Creating business websites & Google advertising to boost your sales

Choosing a Domain Name

Sep 11th, 2009 | By | Category: Marketing

domains-75A valued client called me on his cell from his car. His friend was going out on his own after years in high-tech, would I help? My client could not remember the domain name exactly, so I typed in several guesses and described the results as my client wove through Los Angeles traffic. No luck, we couldn’t find the site. I waited for the call from his friend “Phillipe.”

Philippe had been advertising on Google for 10 days when he called. He had nearly 50 clicks, but had sold nothing. It took me several tries to find his site because the domain name is not spelled the way it sounds. He did not know why visitors were abandoning his site, or where in the process they clicked away. I explained Google analytics to him and he grabbed the code and sent it to his e-commerce website developer. The analytics were running the next day, and will help him pinpoint where his visitors are bailing out.

Philippe is a very bright guy who moves with the speed of an entrepreneur, but he skipped over some important marketing foundation work. His new company is selling brand-name products to consumers. He is in competition with Dell, Apple and Best Buy.

You only have four lines to make your pitch on Google: a headline, 2 lines of text, and your company name. Don’t waste 25% of your advertising real estate on a meaningless domain name.

Well, it’s not meaningless to Philippe, it’s his son’s nickname. It reminds Philippe why he is working so hard and taking such a big risk. But it does not tell shoppers what he sells. Your domain name DOES NOT HAVE TO MATCH your company name. It would have been wiser to name his company Sonny, Inc. and use Electronics-Cheap.com on his website and in his advertising.

In 1960, the word McDonald’s did not mean “burgers.” McDonald’s spent millions getting people to associate that name with burgers. How much money did Burger King spend getting people to associate their name with burgers? Zero. Your domain name is a crucial part of your advertising message.

You can also advertise on more than one domain name. For example, Gould Stainless Products sells manways to wine tank fabricators. It’s their big moneymaker in California. They advertise their stainless valves over the name GouldStainless.com, but they advertise their manways over the domain name TankDoors.com, which I arranged for them. Much more effective for that line of products.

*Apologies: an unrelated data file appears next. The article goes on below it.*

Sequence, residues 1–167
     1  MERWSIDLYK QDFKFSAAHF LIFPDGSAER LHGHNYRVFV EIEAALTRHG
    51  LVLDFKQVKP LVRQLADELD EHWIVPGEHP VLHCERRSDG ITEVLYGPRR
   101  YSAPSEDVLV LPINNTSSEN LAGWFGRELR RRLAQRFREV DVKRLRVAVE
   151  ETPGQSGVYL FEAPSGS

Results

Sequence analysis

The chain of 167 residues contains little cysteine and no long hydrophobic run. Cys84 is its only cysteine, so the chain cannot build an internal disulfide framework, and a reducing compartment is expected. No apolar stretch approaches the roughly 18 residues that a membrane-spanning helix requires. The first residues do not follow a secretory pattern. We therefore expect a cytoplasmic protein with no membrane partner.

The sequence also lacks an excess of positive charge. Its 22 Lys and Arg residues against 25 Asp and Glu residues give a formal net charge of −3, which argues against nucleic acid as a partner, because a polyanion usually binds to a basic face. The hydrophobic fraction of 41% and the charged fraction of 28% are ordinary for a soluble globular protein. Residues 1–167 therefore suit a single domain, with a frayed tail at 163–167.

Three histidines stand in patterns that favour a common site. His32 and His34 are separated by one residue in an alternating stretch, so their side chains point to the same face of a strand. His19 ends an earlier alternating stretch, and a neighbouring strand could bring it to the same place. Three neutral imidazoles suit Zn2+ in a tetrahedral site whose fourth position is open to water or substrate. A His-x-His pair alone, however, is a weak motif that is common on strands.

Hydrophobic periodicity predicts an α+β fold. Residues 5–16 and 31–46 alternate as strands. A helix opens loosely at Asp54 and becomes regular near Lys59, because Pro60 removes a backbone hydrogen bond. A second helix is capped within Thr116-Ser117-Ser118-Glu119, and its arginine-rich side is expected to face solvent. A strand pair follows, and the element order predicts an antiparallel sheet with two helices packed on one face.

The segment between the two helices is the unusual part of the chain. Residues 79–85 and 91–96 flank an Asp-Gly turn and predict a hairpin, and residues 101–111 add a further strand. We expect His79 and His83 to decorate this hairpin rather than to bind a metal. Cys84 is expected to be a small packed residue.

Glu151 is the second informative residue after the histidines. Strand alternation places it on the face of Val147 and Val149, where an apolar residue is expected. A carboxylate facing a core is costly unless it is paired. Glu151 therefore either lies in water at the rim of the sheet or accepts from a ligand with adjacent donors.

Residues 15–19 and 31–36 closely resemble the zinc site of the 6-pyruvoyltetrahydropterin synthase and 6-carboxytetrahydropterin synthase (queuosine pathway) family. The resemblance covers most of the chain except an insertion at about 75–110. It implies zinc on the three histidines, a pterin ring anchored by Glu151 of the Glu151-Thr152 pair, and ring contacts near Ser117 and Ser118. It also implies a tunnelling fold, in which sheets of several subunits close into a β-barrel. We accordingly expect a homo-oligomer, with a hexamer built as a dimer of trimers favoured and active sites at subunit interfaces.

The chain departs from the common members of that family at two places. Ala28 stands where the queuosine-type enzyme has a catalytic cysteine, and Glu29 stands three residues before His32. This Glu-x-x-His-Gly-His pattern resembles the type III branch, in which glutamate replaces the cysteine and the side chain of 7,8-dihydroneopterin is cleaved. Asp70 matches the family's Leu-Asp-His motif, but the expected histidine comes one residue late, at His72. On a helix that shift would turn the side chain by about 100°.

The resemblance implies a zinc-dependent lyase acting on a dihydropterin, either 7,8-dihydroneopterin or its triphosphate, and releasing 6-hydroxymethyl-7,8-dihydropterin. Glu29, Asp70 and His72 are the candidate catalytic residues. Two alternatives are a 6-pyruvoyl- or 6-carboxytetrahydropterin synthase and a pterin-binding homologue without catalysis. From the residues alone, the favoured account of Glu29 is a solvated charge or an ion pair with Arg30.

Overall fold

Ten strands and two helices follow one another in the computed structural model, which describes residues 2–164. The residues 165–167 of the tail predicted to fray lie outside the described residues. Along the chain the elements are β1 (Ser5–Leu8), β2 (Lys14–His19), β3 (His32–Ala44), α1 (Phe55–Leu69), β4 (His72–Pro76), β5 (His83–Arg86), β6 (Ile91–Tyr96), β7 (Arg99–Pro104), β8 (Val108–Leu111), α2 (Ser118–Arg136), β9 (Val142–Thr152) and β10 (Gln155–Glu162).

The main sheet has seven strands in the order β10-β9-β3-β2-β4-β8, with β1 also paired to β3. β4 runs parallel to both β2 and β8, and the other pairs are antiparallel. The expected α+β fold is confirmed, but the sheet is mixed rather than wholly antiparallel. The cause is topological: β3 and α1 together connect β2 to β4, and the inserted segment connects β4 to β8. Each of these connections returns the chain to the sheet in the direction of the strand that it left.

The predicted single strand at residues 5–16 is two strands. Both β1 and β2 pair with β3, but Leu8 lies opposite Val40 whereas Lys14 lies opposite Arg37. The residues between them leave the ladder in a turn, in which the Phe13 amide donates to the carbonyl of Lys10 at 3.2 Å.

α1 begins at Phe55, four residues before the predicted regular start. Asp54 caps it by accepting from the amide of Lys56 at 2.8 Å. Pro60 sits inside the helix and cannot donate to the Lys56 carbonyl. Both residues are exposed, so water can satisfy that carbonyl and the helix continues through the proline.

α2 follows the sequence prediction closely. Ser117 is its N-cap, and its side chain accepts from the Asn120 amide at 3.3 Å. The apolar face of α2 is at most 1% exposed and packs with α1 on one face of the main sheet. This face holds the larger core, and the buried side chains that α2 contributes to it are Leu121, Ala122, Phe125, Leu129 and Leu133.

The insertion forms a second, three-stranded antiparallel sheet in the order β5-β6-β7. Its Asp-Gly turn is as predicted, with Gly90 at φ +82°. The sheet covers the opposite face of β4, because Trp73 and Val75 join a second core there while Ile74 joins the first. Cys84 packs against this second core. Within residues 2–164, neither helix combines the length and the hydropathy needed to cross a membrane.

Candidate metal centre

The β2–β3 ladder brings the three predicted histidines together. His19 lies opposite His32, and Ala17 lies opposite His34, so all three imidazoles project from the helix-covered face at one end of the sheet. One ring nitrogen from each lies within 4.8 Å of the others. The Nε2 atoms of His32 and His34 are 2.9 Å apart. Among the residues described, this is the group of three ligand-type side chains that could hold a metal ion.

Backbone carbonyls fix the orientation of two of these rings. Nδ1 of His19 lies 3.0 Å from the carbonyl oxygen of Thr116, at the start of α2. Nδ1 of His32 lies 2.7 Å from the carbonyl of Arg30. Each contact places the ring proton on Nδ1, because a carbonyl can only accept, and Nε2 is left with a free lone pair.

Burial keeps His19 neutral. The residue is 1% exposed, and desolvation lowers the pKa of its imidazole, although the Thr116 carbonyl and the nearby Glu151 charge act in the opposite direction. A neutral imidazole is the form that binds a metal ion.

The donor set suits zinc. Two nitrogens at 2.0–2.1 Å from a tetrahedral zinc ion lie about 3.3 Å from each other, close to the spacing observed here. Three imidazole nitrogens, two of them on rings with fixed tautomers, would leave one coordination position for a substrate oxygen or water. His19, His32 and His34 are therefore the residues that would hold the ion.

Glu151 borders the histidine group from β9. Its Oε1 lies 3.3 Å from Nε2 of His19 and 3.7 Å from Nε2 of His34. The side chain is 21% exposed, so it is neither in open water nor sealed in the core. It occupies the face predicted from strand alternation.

Make the first word the most important word. Tank-repairs.com is stronger than AcmeMetalFabricating.com. Fancy words don’t make good domain names.

Find the shortest, most memorable domain name you can. Make sure it is easy to spell when people hear it on the phone. No silent letters like Schultz.com, Shultz.com, Schulz.com, Shults.com.

I strongly recommend getting a domain name BEFORE starting the website. Flicker.com would have been MUCH better than flickr.com. People don’t remember .net and .org very well, so don’t make them your first choice.

Hyphens work well in Google advertising, but not for e-mail addresses. Electronics-cheap.com is a great name to use in your advertising, but the website and e-mail address should be the company name. As long as the advertising isn’t deceptive, this can work in Google advertising.

I like to lock up similar domain names so they they don’t fall into the hands of competitors. For example, I reserved GardenWeaver.com, GardenWeaverDesign.com, and garden-weaver.com. You know which one I used for the website and e-mail, but all three names are valuable. Get McDonalds, MacDonalds, McDonald (singular) and MacDonald. Did you know that domain names are not case sensitive? I capitalize them so they are easy to read and understand.

Where do you search? I don’t use GoDaddy to search for available domain names because they seem to disappear the following day. Try DomainBank.net, DomJax or AJAXwhois You don’t have to register the domain name where your shop for it.

Happy hunting. Call me if you need some ideas.

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